KABUL, Afghanistan -- Treading cautiously on the issue of atrocities in a country that has seen many in 23 years of war, the United Nations said Saturday that it will help investigate several mass graves in northern Afghanistan this spring but will leave it up to Afghans whether and how to proceed with any evidence that is uncovered.
Site work for a U.N.-sponsored feasibility study for an investigation has just been completed, and excavations at three or more sites around Sheberghan and Mazar-i-Sharif may begin as early as April, a U.N. source said Saturday on condition of anonymity.
Due to the political climate, the United Nations will not press the Afghan government to launch a truth commission or war crimes tribunal even if a wealth of evidence indicating atrocities is found, sources said. Past U.N.-led investigations of alleged mass slayings in Rwanda, Guatemala and the Balkans have led to such panels.
"In our view, what is to be done with the results of the investigation needs to be decided by the Afghans in a nationwide debate. In a country with transitional justice, one just emerging from a long period of conflict, conditions might not be mature enough to deal with human rights violations of this magnitude," said an international human rights expert working in Afghanistan who asked not to be named.
Further complicating the situation is that allegations of mass graves abound in Afghanistan, a source said. That presents fair-minded officials with the problem of where to start digging.
The investigation in northern Afghanistan began after reports surfaced that hundreds of captured Taliban fighters died last year in metal shipping containers during their transfer to prisons by Northern Alliance militiamen. Taliban prisoners at the Sheberghan prison told a delegation from the U.S.-based Physicians for Human Rights last January that hundreds of their comrades never arrived at the prison after giving themselves up in the city of Kunduz.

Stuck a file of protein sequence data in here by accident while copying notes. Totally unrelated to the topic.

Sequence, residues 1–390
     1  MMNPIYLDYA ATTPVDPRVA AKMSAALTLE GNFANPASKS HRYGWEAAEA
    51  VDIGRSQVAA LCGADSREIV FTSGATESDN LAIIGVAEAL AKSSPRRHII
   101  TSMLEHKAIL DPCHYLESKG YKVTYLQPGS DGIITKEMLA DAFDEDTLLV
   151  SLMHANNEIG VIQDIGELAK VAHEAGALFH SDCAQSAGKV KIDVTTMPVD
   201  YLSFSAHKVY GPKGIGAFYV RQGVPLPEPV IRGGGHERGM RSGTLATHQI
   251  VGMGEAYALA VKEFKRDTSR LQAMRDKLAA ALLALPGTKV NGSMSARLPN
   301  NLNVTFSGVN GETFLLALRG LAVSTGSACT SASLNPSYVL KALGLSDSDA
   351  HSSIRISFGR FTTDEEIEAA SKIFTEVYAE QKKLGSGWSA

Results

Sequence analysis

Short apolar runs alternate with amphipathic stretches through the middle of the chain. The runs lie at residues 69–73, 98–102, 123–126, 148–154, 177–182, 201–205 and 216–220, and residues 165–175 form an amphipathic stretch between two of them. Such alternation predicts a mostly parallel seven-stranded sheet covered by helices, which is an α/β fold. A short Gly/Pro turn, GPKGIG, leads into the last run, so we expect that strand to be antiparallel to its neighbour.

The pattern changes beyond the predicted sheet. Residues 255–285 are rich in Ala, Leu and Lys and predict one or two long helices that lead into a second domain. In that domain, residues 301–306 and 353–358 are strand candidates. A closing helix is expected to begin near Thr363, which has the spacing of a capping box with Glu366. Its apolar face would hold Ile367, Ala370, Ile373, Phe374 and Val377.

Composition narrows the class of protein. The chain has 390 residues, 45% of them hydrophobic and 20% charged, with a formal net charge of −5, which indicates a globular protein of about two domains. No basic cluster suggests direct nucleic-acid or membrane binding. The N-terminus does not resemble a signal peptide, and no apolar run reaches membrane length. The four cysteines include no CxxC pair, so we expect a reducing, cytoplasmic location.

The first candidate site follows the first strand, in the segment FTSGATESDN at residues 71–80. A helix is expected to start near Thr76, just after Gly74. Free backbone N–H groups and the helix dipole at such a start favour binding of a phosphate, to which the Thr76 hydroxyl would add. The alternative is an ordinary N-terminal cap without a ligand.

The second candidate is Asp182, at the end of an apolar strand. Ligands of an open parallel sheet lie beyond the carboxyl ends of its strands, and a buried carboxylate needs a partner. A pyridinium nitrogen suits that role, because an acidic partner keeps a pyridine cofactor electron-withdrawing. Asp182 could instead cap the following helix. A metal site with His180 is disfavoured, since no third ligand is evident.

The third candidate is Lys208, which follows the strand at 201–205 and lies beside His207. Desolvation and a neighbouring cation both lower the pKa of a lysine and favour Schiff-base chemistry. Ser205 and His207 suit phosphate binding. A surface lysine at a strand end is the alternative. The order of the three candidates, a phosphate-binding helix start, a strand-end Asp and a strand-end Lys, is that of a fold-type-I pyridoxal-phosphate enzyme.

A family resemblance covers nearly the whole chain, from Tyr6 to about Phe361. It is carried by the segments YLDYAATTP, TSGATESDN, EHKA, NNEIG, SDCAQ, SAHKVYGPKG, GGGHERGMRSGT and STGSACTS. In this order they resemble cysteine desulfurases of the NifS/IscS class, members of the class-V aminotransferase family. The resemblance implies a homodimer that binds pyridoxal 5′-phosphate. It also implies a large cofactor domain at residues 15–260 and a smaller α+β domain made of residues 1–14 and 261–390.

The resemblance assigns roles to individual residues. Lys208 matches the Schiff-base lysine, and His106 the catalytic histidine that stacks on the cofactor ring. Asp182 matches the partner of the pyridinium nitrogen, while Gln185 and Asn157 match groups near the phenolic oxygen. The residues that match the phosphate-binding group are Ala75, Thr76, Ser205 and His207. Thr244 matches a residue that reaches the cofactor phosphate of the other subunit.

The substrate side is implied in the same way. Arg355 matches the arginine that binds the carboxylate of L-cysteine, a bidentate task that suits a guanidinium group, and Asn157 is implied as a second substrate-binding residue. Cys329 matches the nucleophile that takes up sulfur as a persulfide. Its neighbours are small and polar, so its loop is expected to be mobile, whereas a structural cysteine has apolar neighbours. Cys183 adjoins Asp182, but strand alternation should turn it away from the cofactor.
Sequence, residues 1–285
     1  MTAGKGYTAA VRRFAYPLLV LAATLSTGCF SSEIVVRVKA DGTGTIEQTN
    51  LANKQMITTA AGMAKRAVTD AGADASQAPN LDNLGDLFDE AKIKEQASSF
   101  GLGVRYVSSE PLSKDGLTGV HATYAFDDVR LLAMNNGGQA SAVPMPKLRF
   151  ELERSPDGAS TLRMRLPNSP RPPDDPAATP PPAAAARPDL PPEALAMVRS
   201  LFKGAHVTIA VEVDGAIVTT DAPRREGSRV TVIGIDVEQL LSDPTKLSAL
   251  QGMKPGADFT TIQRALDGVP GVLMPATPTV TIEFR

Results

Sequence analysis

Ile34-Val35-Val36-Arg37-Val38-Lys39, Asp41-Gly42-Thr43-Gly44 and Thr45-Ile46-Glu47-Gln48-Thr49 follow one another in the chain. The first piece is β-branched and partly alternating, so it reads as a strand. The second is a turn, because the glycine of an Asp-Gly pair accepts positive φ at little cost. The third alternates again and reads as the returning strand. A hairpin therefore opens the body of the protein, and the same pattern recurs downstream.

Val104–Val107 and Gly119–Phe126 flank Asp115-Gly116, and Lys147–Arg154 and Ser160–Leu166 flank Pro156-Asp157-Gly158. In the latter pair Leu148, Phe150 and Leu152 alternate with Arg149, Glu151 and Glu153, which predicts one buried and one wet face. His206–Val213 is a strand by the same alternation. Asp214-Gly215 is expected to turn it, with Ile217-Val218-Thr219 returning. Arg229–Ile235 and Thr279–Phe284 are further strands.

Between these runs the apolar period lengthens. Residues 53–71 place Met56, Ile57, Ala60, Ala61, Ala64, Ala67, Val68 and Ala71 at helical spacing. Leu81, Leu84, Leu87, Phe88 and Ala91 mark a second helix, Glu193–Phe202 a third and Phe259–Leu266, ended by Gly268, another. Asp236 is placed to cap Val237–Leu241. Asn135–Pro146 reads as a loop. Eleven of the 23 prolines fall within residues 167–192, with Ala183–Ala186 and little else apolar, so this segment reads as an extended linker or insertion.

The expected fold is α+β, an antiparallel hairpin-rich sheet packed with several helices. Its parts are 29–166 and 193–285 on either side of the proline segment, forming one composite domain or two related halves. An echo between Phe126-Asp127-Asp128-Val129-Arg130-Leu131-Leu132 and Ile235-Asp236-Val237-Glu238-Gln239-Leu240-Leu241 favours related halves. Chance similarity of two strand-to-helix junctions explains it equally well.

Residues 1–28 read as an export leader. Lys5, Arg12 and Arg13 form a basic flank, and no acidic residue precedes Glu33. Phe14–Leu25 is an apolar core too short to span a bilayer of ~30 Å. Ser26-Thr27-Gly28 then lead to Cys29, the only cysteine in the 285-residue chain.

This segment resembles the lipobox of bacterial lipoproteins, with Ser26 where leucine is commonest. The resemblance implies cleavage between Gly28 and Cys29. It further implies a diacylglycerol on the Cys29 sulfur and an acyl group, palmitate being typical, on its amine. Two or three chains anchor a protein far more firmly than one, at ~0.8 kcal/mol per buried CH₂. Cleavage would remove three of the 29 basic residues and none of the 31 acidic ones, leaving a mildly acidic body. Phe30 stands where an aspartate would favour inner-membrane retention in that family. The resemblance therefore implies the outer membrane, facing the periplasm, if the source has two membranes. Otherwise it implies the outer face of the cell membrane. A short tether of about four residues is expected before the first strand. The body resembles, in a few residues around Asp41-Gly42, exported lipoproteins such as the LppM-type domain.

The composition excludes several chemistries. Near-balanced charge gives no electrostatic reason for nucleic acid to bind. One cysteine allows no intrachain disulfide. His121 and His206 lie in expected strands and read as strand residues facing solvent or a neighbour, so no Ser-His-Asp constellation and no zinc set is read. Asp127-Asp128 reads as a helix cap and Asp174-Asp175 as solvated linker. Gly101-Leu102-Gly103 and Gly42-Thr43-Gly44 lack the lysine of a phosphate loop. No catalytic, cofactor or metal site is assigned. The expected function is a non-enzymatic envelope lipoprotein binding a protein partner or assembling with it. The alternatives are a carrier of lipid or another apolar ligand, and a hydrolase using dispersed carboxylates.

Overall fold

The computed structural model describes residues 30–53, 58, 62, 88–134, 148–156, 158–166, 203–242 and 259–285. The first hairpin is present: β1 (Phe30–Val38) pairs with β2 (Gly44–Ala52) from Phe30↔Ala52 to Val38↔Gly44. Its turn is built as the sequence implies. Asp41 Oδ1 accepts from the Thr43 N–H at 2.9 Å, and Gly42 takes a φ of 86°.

In a report in August, Newsweek magazine said as many as 1,000 people may have suffocated in the containers. Spokesmen for Northern Alliance leaders have acknowledged that some captured Taliban fighters died but say that no more than 200 perished. They contend that the deaths were not intentional but were caused by disease and battle injuries.
Among the sites likely to be analyzed is one in Dasht-i-Leili, near Sheberghan, where the principal mass grave of the Taliban prisoners is said to be. But in a bid to assuage Northern Alliance leaders who now control the region and who initially resisted the investigation, international officials have agreed to study two or more sites around Mazar-i-Sharif that allegedly contain victims killed by the Taliban in 1997 and 1998 -- before the U.S.-led force and the Northern Alliance drove the regime from power last year.
Before the multisite plan was hammered out, Northern Alliance warlords told the United Nations that they could not guarantee the safety of investigators, drawing a rebuke from Lakhdar Brahimi, the U.N. special envoy to Afghanistan.
U.S. human rights groups called for a probe of the shipping container deaths after witnesses said U.S. soldiers may have been present during the transport. U.S. troops were seen accompanying warlord Abdul Rashid Dostum's forces during several stages of the prisoner transfer, according to news reports. But the Pentagon said this summer that an internal inquiry found no U.S. involvement in the deaths.
Site work for the U.N.-sponsored feasibility study for the probe was performed by William Haglund, a noted forensic anthropologist from Seattle who has analyzed mass graves in Rwanda, the Balkans and Sri Lanka and who visited Sheberghan prison with the physicians group.
In an interview after a recent trip to Afghanistan, Haglund described a grave site he visited as "very large" but declined to estimate how many victims could be buried there. Haglund is expected to make recommendations to the U.N. in late January.
Copyright 2002 Los Angeles Times